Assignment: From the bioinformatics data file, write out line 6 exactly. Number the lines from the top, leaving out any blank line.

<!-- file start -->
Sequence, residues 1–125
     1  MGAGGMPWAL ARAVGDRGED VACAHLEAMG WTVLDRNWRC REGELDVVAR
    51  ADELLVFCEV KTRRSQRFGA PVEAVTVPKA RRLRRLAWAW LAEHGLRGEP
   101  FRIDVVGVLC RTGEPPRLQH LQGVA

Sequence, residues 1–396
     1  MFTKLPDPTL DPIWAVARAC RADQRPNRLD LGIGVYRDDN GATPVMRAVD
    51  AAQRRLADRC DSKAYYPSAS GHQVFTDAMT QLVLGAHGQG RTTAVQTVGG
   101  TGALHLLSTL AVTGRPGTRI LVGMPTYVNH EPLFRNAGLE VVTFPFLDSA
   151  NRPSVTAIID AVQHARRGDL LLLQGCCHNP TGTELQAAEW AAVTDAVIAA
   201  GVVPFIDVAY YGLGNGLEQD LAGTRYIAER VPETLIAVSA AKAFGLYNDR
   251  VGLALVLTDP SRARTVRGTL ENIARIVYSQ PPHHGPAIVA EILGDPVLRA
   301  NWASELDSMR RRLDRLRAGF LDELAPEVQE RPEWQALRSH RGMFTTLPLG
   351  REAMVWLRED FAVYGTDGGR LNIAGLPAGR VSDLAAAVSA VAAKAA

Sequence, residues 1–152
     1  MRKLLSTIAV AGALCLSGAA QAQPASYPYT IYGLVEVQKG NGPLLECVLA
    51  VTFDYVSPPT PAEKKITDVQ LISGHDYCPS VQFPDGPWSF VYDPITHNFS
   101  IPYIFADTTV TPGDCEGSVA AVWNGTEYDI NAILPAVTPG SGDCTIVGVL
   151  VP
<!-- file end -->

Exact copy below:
     1  MFTKLPDPTL DPIWAVARAC RADQRPNRLD LGIGVYRDDN GATPVMRAVD